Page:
(BLACK PR WIRE) -- Move to the left... move to the right... move up close... and do a dance that’s dynamite! Whether in the 1800s or today in the 20th century, dance has always been an integral part of African American culture. African Americans are known for taking it step by step and paving the way in dance.
According to the African American Registry, it was in 1891 when The Cakewalk was introduced through the Creole Show, a revue staged on Broadway. It was the first dance created by blacks to become popular with the white population. Other black-influenced dance trends that followed were the Charleston, the Lindy Hop, the Jitterbug, and the Twist.
During the Harlem Renaissance, similar innovations in theater, music, literature, and other arts accompanied African American developments in dance. Blacks were on a roll. Tap was introduced and combined elements of African-inspired shuffle dances, English clog dancing, and Irish jigs. Renowned black dancers such as Bill Robinson, brought respectability and popularity to the new dance form. Tap dancing was even further developed in the 1930s and 1940s, as white dancers included it in motion pictures.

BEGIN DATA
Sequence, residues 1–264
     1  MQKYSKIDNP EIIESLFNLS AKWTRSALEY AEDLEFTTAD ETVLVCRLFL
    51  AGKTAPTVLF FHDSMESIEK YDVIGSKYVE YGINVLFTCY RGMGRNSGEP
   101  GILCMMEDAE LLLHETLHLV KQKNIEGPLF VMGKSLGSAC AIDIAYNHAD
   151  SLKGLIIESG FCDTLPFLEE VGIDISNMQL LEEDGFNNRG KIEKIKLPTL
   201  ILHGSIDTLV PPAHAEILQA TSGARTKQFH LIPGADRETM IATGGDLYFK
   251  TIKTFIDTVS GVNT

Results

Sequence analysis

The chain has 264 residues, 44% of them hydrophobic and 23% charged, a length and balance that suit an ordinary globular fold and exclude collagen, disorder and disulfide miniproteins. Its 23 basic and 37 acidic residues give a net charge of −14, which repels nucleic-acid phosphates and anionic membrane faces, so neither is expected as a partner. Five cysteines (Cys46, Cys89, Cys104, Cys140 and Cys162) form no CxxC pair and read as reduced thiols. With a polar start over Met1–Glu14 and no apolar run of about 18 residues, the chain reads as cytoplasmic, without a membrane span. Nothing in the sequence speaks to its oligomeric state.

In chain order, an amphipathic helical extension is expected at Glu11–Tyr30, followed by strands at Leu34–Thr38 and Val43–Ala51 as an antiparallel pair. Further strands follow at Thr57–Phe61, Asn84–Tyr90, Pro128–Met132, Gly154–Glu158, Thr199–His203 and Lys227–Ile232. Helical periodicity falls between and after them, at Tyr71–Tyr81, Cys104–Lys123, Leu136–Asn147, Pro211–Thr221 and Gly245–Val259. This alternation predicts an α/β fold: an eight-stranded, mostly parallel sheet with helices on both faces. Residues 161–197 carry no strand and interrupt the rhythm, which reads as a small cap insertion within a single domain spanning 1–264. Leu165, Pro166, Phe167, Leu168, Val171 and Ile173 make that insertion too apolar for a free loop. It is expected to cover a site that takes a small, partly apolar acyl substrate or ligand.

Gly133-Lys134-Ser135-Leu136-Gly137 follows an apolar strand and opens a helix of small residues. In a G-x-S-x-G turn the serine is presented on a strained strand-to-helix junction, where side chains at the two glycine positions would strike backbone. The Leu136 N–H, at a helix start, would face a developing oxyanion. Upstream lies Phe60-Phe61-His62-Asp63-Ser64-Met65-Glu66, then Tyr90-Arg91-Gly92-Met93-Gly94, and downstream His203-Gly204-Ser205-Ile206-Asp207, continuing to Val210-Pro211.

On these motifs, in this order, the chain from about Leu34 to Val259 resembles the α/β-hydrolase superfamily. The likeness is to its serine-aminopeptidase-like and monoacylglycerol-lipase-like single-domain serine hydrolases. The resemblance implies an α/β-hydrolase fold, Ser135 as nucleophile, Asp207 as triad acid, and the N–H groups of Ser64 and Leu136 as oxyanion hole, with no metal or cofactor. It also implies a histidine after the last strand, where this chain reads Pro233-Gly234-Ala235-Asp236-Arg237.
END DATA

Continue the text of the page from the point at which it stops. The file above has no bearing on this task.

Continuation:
Continuing to take it step by step, African Americans moved into ballet and modern dance in the 1930s and 1940s, as well. Several leading black dance companies contributed significantly to modern dance including The Lester Horton Dance Theater and the Alvin Ailey American Dance Theater.
Today, African Americans have not slowed down. We continue to move to the groove and take it step by step. From the earlier days, dance has broadened to include the urban black dance forms of break dancing and hip-hop, both recognized for their expressiveness.
Dance will certainly remain an integral part of African American culture. As the innovators that we are, we will continue to take it step by step to pave the way in modern dance.